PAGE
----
TAOISEACH Micheál Martin has said that the plan for exiting the country’s lockdown is not “set in stone”, as he denied claims the Government is confusing the public.
A number of politicians have criticised recent communication regarding the timeline for schools reopening and the easing of restrictions.
Mr Martin said the Government is taking a “conservative” approach in easing health restrictions over the coming months.
Mr Martin told the Irish Mirror in an interview late on Thursday that “severe” lockdown measures will be in place until the end of April.
Asked on Friday whether there will be a nine-week extension of lockdown measures, Mr Martin said the Government will be “very cautious” in its decisions.
He said that the National Public Health Emergency Team (Nphet) has given advice to the Cabinet sub-committee and urged caution in reopening society and the economy.
“The emphasis on the prioritisation right now is on schools, particularly the early years and then the Leaving Certificate cohort and childcare,” said Mr Martin.
“We will review it on a monthly basis, and the vaccine rollout may have an impact. We are beginning to see a reduction in the number of healthcare workers getting the virus, and the outbreaks are coming down.
“The authorities are saying there is evidence of the impact of the vaccination programme already, in terms it is reducing mortality.”
Sinn Féin TD Donnchadh Ó Laoghaire has said that people are getting frustrated by mixed messaging.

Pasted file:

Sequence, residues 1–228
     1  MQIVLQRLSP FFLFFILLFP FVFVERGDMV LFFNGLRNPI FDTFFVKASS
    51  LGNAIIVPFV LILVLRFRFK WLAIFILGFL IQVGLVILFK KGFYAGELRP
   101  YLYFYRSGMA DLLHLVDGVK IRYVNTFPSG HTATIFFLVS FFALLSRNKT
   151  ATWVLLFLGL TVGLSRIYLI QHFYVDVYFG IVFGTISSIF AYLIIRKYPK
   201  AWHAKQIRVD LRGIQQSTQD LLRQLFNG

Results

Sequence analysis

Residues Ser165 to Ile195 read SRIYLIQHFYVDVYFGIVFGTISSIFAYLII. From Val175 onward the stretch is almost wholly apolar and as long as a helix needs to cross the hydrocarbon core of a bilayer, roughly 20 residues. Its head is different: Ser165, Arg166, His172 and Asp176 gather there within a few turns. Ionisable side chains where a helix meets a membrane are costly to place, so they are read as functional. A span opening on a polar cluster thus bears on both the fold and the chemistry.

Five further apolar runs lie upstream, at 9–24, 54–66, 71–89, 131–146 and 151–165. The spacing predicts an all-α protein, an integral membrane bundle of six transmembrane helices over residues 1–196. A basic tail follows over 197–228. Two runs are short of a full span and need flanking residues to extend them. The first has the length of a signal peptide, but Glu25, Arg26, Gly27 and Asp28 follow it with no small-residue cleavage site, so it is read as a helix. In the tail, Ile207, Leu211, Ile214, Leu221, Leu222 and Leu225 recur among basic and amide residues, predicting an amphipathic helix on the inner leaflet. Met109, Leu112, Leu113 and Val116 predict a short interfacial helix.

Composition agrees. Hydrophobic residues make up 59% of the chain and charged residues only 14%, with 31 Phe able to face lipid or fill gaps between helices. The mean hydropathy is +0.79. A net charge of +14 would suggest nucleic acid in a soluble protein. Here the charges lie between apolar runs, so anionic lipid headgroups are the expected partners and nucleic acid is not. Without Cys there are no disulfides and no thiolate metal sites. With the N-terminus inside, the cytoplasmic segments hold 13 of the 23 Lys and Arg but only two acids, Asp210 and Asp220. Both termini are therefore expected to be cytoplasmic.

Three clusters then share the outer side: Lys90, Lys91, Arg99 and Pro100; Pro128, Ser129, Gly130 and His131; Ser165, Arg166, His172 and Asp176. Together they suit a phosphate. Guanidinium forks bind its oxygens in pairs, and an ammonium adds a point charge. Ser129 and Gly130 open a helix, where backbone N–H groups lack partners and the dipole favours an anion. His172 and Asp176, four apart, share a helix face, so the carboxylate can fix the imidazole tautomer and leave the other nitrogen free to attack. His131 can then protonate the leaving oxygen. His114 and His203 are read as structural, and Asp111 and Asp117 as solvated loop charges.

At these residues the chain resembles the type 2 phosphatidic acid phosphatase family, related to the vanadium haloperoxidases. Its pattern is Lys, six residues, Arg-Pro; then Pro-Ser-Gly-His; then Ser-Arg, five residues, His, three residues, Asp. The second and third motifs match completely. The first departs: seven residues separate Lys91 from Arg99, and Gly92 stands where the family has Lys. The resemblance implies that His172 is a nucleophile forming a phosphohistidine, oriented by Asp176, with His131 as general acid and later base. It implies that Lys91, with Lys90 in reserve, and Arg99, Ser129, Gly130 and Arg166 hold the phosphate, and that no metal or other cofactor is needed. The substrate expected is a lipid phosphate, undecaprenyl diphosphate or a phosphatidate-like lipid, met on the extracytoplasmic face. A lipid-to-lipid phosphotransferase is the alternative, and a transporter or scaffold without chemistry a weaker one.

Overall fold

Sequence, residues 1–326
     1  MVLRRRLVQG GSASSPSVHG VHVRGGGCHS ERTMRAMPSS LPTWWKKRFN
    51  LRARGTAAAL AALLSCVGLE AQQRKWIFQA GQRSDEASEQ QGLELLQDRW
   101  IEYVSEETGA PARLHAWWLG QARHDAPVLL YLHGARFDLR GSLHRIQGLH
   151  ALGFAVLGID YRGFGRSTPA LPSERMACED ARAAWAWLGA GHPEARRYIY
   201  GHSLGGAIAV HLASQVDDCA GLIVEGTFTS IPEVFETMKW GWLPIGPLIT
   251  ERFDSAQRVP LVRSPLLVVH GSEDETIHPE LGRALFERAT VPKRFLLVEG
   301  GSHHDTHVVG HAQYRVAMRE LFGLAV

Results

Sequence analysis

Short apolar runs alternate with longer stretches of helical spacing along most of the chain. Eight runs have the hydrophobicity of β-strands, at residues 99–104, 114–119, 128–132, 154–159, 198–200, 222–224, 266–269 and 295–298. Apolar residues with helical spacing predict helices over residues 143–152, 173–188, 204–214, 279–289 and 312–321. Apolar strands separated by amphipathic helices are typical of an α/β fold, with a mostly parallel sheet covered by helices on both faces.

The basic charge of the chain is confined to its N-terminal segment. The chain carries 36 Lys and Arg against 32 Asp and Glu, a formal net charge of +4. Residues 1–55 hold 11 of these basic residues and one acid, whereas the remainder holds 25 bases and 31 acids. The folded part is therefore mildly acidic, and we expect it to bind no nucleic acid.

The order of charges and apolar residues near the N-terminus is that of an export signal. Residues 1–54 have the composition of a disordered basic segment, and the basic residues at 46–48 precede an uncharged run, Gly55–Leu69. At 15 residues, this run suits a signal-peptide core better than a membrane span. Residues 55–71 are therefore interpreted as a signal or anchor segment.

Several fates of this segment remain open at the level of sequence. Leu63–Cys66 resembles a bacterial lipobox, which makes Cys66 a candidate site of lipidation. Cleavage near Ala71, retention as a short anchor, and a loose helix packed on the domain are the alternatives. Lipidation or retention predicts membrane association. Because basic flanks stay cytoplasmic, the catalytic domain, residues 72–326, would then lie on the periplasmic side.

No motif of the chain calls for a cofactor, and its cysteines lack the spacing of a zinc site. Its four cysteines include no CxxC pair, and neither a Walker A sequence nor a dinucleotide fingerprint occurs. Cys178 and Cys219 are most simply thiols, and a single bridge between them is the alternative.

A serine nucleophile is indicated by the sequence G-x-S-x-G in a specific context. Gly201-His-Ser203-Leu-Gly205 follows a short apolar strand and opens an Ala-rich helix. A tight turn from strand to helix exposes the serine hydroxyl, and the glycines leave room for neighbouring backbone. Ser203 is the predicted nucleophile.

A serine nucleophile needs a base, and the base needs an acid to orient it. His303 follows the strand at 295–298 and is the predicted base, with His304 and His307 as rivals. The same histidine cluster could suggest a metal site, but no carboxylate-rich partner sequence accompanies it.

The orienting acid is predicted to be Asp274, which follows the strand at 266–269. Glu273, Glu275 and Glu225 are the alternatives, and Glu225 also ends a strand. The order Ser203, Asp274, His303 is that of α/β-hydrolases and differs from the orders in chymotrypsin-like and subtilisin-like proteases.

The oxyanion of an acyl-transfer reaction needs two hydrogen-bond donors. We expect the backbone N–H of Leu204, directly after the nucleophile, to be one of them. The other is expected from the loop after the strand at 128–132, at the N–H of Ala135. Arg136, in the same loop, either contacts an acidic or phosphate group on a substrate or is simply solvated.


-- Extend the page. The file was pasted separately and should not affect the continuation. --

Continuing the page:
“There were rumours circulating, and the way that the further restrictions were announced in an off-the-cuff manner to a journalist, during an interview, that’s one thing — and the fact is this hasn’t even been agreed yet, so we are having a debate and discussion without any decision being made,” he said.
“There is confusion now, there is a lack of a coherent plan, lack of leadership, and I think people are frustrated with it.”
Mr Ó Laoghaire said while all agreed measures need to be taken in the interest of public health, confidence must be bolstered to garner public support for them.
“I think for people to have faith even in the measures and for people to feel like it’s worth it and it’s going to work, they have to feel that there is a strategy behind it, and a strategy thought through, and I don’t think people have that impression,” he said.
Social Democrats TD Holly Cairns said: “The release of vital and important information through intentional leaks is not only disrespectful, it completely undermines the message.
“Families, businesses, and communities are sacrificing so much to help save lives and prevent our health system being overwhelmed. The least we could expect is professionalism and consideration from the Government.”
Mr Martin said the Government’s messaging has not been confusing.
He said he has previously warned of plans that it is pursuing a prolonged suppression of the virus in a bid to get numbers down.
“Nphet’s advice is that they are somewhat concerned that the decline is slowing down,” he said.
“People of Ireland have been remarkable in their adherence to the guidance.
“Nphet are saying they want to monitor each step. For example, when we open schools in a fortnight, they want to evaluate what impact did that have on the R number and the spread of disease.
“That analysis will inform the next step. So Nphet are saying to us that beyond a certain timeframe, they don’t want to predict that.”